Echoing Waitrose’s closure of another former Morrisons acquisition, in Southport, in 2006 – just two years after it had opened – the announcement demonstrated how the retailer was capable of decisive action in those rare situations where a store was unsuccessful. However, Waitrose’s thriving store in Hexham – another former Safeway, bought from Morrisons and opened in November 2006 – showed that there was nothing stopping the retailer from making a go of it in the North East.

Waitrose Durham finally closed its doors in August last year, designed to coincide with the opening of a new (but much smaller) store in the Eldon Square shopping centre, in nearby Newcastle. More recently, in May this year, a third North East Waitrose opened in Ponteland, taking the place of the village’s Somerfield (itself a former Safeway). For a Waitrose fan like me, the retailer’s shift northwards is undoubtedly welcome; after all, prior to 2004 there was no Waitrose store more northerly than Newark.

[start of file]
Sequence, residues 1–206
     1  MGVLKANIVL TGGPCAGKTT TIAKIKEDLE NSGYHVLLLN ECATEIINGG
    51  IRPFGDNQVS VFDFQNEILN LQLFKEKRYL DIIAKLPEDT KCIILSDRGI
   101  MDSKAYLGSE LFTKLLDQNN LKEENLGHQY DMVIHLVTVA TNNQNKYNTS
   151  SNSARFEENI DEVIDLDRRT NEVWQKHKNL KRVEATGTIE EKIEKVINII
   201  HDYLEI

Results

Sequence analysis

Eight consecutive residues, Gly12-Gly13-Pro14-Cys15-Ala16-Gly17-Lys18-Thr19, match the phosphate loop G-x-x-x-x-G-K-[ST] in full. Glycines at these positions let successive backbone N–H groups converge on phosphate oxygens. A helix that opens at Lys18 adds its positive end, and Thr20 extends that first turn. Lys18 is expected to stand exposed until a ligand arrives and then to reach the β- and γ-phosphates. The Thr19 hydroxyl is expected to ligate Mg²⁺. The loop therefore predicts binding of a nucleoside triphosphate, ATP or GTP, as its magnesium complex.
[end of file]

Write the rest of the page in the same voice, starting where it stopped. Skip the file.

Embarrassingly, until a few weeks ago, I had never paid a proper, sightseeing visit to Durham. So I determined to set out, curious to take a look at the former Waitrose site and to see what had become of it. That sums me up, you see – most people visit Durham to take in the wonderful cathedral; my first stop was a shut-up supermarket.

Wandering from the bus station along North Road and into the The Gates shopping centre, my initial reaction was one of slight bemusement. To me, this end of town felt very much like a secondary pitch, with The Gates’ roster of tenants – Poundland, The X Catalogue Store, Yorkshire Trading Co. – as well as those in nearby streets, not appearing to be the most natural bedfellows for a Waitrose.

Former Waitrose store, Durham (September 2009)